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            That was not a question that I posed to them.  That was information that they had volunteered to me.  Now, why would they say that if they thought that the government was going to fulfill that promise, that legislation that is supposed to be there?  The question I did ask the employers‑‑and I did take the opportunity, Mr. Speaker, to visit the business community of my constituency last week once again and to talk to them about this specific issue of Sunday shopping, because I wanted to see what impact it was going to have on them specifically in their day‑to‑day operations.  There were very interesting things that I found out from them.

            First off, if they have employees working for them, which many of them do, not a large number of employees‑‑[interjection] For the Minister of Health's (Mr. Orchard) information, I did my own survey, Mr. Speaker.

            I do not rely on a firm to go out.  I trust my nose and I trust my judgment when I talk to the people because they have the opportunity to have face‑to‑face discussions with me and to ask questions of me, as I do of them.  I find that this is a better way to communicate with the people of your community, Mr. Speaker.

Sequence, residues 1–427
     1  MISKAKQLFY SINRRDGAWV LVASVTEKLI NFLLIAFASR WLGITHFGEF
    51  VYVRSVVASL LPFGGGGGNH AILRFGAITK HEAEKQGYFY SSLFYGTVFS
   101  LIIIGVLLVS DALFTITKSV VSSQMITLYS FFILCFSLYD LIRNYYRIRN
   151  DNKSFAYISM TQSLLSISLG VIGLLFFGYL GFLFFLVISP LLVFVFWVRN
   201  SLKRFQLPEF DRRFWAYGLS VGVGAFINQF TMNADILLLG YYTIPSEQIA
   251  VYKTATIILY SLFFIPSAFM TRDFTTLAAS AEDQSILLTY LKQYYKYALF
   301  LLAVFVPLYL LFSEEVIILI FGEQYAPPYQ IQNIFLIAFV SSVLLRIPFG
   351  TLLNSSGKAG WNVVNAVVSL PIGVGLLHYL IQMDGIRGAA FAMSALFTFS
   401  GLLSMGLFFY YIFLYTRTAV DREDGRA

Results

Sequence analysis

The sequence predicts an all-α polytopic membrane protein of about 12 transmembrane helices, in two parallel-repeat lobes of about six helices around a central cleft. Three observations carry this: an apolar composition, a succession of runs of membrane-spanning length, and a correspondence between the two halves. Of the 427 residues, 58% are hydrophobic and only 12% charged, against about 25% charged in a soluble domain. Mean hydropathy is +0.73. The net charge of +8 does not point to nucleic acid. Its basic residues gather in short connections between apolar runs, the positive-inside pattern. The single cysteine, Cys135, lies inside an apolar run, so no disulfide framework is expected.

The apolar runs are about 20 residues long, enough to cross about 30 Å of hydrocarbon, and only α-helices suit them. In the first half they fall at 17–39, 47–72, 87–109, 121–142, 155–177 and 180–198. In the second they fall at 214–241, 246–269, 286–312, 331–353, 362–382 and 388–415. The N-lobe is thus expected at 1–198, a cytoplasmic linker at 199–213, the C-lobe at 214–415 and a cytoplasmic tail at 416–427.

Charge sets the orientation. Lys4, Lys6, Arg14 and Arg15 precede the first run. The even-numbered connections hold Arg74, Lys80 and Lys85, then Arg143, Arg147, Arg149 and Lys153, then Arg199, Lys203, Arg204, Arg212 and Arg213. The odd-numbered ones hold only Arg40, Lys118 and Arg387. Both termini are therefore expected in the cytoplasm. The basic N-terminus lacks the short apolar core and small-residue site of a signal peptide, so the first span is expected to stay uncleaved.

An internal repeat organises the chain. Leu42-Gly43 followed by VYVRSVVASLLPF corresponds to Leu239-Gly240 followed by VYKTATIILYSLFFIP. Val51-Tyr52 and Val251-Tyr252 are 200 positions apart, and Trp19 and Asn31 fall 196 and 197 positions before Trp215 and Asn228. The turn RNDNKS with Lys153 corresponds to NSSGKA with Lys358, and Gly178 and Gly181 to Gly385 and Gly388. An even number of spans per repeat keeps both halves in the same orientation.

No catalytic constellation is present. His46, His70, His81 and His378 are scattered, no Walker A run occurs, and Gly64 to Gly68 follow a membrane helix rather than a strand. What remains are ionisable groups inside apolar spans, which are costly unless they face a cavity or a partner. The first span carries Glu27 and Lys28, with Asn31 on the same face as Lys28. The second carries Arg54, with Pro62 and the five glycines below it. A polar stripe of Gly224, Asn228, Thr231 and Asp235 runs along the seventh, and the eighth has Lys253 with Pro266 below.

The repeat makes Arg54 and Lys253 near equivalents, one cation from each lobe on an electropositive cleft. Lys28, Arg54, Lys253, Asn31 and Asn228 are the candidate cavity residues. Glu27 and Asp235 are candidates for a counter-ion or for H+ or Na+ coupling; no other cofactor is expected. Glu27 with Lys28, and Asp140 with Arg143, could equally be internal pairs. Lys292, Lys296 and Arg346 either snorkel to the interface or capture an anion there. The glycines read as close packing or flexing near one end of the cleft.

An Honourable Member:  No preconceived notions at all.

Mr. Reid:  No preconceived notions, not one, because if they had any doubts they were free to ask me those questions right on the spot, and there is no way that I can manipulate that process, not that I would in the first place.

            What the employers of these small businesses told me, that if they were forced to open their businesses for competitive reasons and their employees decided, for whatever reasons, that they did not want to work on Sunday, that those employers would find some way to reduce the hours of work for those employees to the point where it was no longer feasible for those employees to be employed there.  Those are not my words, those are the words of the employers themselves, Mr. Speaker.

            I would not go to the point of causing embarrassment or hardship for the business establishments in my community.  They are having a difficult enough time right now trying to eke out a living, living under the policies of this government, Tory mismanagement in this province, taxed to the hilt by this government as they offload onto the municipalities every cost imaginable. [interjection]